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LABOR AND EMPLOYMENT LAW: What Does It Take to Fire a Bad Cop?

By Tyler Adams

Public opinion over the effectiveness and adequacy of police discipline has spiked in recent years. This has brought increased media attention to alleged police misconduct. Unfortunately, due to the media’s propensity for circulating sensational headlines, they rarely provide complete and accurate accounts of the details of police misconduct arbitration decisions. Most importantly, the media fail to capture what factors arbitrators actually consider when deciding whether to uphold police discipline. This article explores those details and examines what factors are most important to arbitrators in adjudicating cases of alleged police misconduct.

This analysis includes 92 arbitration awards published between 2011 and 2015 regarding police officers discharged for misconduct. Of these 92 awards, arbitrators upheld discharges in 49 cases and overturned discharges in the remaining 43. Arbitrators’ rationale for overturning discharges fell into two categories: procedural factors related to due process and mitigating factors concerning the discharge’s factual context.

Due process factors. Due process in police discharge cases relates to two issues: whether the department proved it had just cause for discharge, and whether the pre-discharge procedure satisfied the collective bargaining agreement.

A principal reason why arbitrators overturn police discharges is the failure to prove just cause. The meaning of just cause is derived from principles of fundamental fairness that evolved over time through the decisions of arbitrators. It is rarely defined in collective bargaining agreements or arbitral decisions.

Most collective bargaining agreements contain a just cause provision. Agreements between police departments and police unions place the burden of persuasion on the department to prove just cause. Some contracts articulate elements of just cause analysis, but they vary in content. Many do not specify a quantum of proof for just cause.

Insufficient investigation is a principal reason why discharges are overturned. Even if a department conducts a thorough investigation, its discharge decision may be overturned if the arbitrator concludes the evidence did not prove guilt. In many police discharge cases, guilt is not an issue; either the officer admitted wrongdoing or the evidence is too overwhelming to dispute. However, arbitrators will not find just cause if the department cannot prove that the officer committed the alleged offense.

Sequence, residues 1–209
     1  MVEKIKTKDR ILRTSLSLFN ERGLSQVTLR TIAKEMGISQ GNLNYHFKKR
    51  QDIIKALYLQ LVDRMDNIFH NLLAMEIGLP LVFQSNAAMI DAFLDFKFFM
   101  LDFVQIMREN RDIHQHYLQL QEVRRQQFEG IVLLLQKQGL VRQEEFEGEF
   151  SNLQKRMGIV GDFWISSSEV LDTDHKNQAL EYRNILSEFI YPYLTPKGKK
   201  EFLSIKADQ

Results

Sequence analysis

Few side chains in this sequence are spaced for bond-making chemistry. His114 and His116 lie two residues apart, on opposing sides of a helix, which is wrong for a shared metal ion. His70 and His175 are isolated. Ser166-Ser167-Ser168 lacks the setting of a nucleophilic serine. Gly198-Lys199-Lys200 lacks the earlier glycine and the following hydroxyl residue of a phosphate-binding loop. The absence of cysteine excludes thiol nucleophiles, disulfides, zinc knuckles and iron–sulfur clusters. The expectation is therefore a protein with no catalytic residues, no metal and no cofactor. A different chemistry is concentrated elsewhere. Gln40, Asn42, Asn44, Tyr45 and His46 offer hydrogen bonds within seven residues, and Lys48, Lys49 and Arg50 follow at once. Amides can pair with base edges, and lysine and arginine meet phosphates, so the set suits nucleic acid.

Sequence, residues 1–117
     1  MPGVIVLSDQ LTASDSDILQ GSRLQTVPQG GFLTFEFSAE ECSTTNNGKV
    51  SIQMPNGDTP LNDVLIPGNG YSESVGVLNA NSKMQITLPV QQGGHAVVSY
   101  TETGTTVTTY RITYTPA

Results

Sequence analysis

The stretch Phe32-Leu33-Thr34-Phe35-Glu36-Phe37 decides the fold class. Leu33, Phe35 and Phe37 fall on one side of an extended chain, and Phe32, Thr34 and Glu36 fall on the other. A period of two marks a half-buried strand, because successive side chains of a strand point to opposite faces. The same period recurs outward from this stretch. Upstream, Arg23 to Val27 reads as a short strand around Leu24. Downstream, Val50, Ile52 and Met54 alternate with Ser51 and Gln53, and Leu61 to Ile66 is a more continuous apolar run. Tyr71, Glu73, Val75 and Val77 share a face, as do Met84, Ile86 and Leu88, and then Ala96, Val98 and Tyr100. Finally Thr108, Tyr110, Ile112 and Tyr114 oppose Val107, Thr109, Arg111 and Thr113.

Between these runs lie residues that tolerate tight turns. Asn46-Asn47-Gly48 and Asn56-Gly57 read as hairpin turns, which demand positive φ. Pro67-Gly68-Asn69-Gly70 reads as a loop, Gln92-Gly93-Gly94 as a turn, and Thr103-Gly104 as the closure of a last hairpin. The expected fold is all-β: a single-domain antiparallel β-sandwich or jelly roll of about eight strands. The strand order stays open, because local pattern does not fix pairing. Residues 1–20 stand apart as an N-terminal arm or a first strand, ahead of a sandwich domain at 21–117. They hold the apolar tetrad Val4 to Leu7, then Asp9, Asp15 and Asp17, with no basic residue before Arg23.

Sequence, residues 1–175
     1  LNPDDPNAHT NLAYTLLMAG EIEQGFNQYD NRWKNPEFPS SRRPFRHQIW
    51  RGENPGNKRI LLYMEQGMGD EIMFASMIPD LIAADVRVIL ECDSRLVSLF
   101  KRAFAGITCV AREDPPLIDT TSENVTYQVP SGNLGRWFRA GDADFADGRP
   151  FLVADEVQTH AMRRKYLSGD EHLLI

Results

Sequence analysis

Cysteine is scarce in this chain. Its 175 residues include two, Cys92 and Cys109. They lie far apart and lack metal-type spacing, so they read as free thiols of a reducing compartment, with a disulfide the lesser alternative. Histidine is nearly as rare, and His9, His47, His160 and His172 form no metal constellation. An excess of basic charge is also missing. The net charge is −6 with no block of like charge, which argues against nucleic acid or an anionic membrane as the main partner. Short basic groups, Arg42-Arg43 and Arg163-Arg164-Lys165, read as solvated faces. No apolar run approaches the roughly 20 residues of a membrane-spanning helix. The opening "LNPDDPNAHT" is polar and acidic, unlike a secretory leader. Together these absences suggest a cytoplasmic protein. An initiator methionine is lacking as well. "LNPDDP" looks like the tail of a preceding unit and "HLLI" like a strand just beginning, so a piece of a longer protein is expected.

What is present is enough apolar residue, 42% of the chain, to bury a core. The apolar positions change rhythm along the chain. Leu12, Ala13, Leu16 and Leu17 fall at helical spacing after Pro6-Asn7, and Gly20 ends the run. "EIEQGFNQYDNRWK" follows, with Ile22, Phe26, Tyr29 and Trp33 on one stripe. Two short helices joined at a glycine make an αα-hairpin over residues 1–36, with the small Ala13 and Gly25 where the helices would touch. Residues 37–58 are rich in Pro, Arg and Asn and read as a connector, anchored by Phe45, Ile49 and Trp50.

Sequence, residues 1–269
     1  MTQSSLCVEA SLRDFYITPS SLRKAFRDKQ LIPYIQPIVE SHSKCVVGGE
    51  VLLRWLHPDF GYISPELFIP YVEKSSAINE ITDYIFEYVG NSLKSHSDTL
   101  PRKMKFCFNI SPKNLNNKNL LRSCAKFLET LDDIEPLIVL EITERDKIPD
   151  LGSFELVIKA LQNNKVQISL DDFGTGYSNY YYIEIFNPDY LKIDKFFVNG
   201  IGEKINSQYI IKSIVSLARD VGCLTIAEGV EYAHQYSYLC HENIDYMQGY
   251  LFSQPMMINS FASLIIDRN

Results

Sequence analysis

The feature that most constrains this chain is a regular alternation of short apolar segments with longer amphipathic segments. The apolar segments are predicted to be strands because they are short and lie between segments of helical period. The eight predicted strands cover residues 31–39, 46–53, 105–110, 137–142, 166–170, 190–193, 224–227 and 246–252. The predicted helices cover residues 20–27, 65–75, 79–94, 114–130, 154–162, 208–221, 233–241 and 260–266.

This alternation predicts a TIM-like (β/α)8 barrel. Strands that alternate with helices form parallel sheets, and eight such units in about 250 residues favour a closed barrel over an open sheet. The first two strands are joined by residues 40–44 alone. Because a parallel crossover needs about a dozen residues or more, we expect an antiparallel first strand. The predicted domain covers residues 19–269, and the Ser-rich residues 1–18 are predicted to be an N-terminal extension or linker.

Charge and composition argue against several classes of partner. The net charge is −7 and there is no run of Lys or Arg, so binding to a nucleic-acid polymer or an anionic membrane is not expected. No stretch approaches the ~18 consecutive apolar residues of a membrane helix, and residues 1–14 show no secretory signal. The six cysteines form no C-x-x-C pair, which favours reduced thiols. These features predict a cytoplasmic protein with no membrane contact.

Police discharges are also often overturned on procedural grounds, such as failure to observe a termination process specified by state law or the collective bargaining agreement. Police officers also often enjoy due process rights granted by a Law Enforcement Officers’ Bill of Rights found in collective bargaining agreements or state statutes. Procedural shortcomings include lack of notice that the alleged misconduct was prohibited, failure to observe a statute of limitations, and other procedural missteps unique to the specific provisions of a collective bargaining agreement.

Mitigating factors. In most cases overturning discharges, arbitrators cite mitigating factors favoring reinstatement. In 29 of the 43 decisions in which an arbitrator overturned a discharge, the arbitrator cited mitigating factors unrelated to the officer’s guilt.

One of the most important mitigating factors is an officer’s prior disciplinary record. A positive work history can be helpful to persuade an arbitrator to overturn a discharge. Conversely, officers with poor disciplinary histories are less likely to be reinstated.

In many cases, arbitrators reinstate police officers because they conclude discharge is too severe a punishment for the alleged offense. In 13 of the 43 decisions overturning discharge, the arbitrator believed discharge too severe under the circumstances. Possibly, arbitrators think discharge is a particularly severe consequence because officers with a termination or suspicious resignation in their work history may never find another job in law enforcement. Indeed, in the context of police discipline, many arbitrators consider discharge to be the “death penalty.” However, a determination that discharge was an excessive punishment is almost always made in light of other mitigating factors.